Monday, January 31, 2005

Monday, Monday

Monday, January 31, 2005 10:44 AM CST

Monday, Monday....

Not a lot new to report. The roller coaster has seemed to slow down for a bit, anyway!

Dave's recovery continues to move forward. This third time is a little harder, a little slower.

Dave got his staples out on Friday (a bit of a painful process...Dr. Sacks gave me the tweezers so Dave could pinch him next time he's in!)

They also checked his platelets. They were low again, 52,000. So he got an infusion of platelets on Friday afternoon. His platelets were 71,000 on Monday, so they aren't dropping as fast as they were. That's good news, as it means that he is finally beginning to make his own platelets. They will check his platelets again on Wednesday.

Next leg of the journey (also known as "when the roller coaster starts up again"), we travel to Seattle on Wednesday and meet with Dr. Rockhill about the gamma knife. Then we will meet with Dr. Spence. The meeting with Dr. Spence is crucial. He'll be recommending a chemo regimen, and we have lots of questions for him. There's a good chance that we will want to seek a second opinion from Duke and/or San Francisco. The chemo piece will be the key to keeping this thing from growing again, and UW doesn't have the most aggressive approach.

They will also do an MRI to see how much the residual tumor has grown in 2 weeks. It's on the big side for gamma knife already, so if it has grown much at all, they may not be able to do the gk. So, please pray that the residual tumor has remained stable and is within the size limits for the gamma knife.

Denise will be there with us for gk, and Angel Jodie will be our nurse again. Mom and Dad will be holding down the fort with the kids. Thanks to Mom & Dad and Bob & Judy for all their help these past two weeks.

Blessings to each of you who take the time to read this, who take the time to pray for Dave and our family. Dave really appreciates the notes on the guestbook, and he LOVES it when people write in with the nicknames...Sherriff, Gilligan, Charlie, and others....Thanks! It made Dave smile.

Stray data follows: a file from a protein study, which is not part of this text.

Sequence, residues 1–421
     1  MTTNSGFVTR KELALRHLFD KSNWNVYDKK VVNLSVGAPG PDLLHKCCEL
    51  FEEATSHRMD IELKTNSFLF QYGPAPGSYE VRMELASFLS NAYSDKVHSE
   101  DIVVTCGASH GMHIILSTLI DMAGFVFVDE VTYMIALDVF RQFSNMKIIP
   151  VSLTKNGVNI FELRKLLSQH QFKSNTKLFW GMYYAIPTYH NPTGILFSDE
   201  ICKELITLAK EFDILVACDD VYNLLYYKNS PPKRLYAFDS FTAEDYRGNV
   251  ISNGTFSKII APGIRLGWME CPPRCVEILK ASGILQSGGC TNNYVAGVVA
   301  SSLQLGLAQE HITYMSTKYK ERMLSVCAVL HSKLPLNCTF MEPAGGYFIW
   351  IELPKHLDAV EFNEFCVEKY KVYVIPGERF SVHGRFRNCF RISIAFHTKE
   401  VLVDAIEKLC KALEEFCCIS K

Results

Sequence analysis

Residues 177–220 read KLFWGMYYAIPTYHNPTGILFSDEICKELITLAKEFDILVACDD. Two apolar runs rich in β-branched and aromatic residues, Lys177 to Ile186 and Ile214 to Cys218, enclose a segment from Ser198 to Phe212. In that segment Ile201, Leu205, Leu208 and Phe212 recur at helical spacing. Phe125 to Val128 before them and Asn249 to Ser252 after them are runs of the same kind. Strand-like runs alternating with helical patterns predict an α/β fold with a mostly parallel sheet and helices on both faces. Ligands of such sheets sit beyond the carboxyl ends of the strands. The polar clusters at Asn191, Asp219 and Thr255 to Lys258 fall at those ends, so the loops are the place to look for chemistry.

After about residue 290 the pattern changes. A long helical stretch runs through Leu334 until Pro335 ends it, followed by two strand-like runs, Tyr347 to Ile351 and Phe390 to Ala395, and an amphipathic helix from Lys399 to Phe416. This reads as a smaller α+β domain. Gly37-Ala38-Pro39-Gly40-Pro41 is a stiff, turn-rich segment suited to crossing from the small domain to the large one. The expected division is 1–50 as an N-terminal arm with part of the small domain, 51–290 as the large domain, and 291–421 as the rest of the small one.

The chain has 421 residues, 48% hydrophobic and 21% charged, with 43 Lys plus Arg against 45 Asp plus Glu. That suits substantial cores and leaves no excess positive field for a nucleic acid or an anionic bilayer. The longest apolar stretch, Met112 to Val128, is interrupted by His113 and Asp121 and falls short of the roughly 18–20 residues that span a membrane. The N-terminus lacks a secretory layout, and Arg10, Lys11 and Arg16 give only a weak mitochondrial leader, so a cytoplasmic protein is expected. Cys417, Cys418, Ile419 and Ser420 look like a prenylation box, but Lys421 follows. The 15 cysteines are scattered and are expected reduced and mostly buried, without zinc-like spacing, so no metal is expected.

Please pray for our friend, Mark, his 4 children and wife, and his mom, Marguerite. Mark is a 5 year survivor of a brain tumor and has been in the hospital since Monday. The doctors here are not offering any options, so they are seeking advice from other places. Please pray that they will find what is needed to bring healing and health to Mark.

Wednesday, January 26, 2005

Conspiracy of Hope

Wednesday, January 26, 2005 2:00 PM CST

SPECIAL EVENT TONIGHT AND THURSDAY NIGHT!!

CONSPIRACY OF HOPE CONCERT
WALLA WALLA HIGH SCHOOL AUDITORIUM
7:00 PM
SPECIAL APPEARANCE BY THE GUITAR MAN DAVE

DON'T MISS IT!
PROCEEDS BENEFIT TSUNAMI VICTIMS

**For medical update from yesterday...good news!...see journal history.

**See new photos on the photo page.

MORE GOOD NEWS: The ambulance bill has been taken care of, turns out it fell through the cracks and had never been submitted to insurance! Whew! Thank you Paul and Teri for your offers of assistance in the legal matters. You guys are amazing!

Tuesday, January 25, 2005

Dr. Rocklin Rocks

Tuesday, January 25, 2005 8:44 PM CST

Well, we finally talked to a doctor that had real information for us. We talked to Dr. Rockhill (Rocklin?) at the Gamma Knife Center at Harborview.

First: pathology report. Dave's tumor has not gotten more aggressive since last surgery. This is good news. It's still an Anaplastic Astrocytoma III. Tumors are graded from I-IV. I being a slower-growing, less infiltrating tumor and IV being the most aggressive and malignant. Dave's tumor was initially a grade II eight years ago. The tumors tend to become more aggressive over time. The best explanation of why is that during each treatment (radiation or chemo) you will kill off tumor cells. The cells that die first are the least aggressive, leaving the hardiest, most aggressive cells that multiply. Anyway, we were relieved that we are not dealing with a grade IV, more commonly known as GBM or glioblastoma multiforme.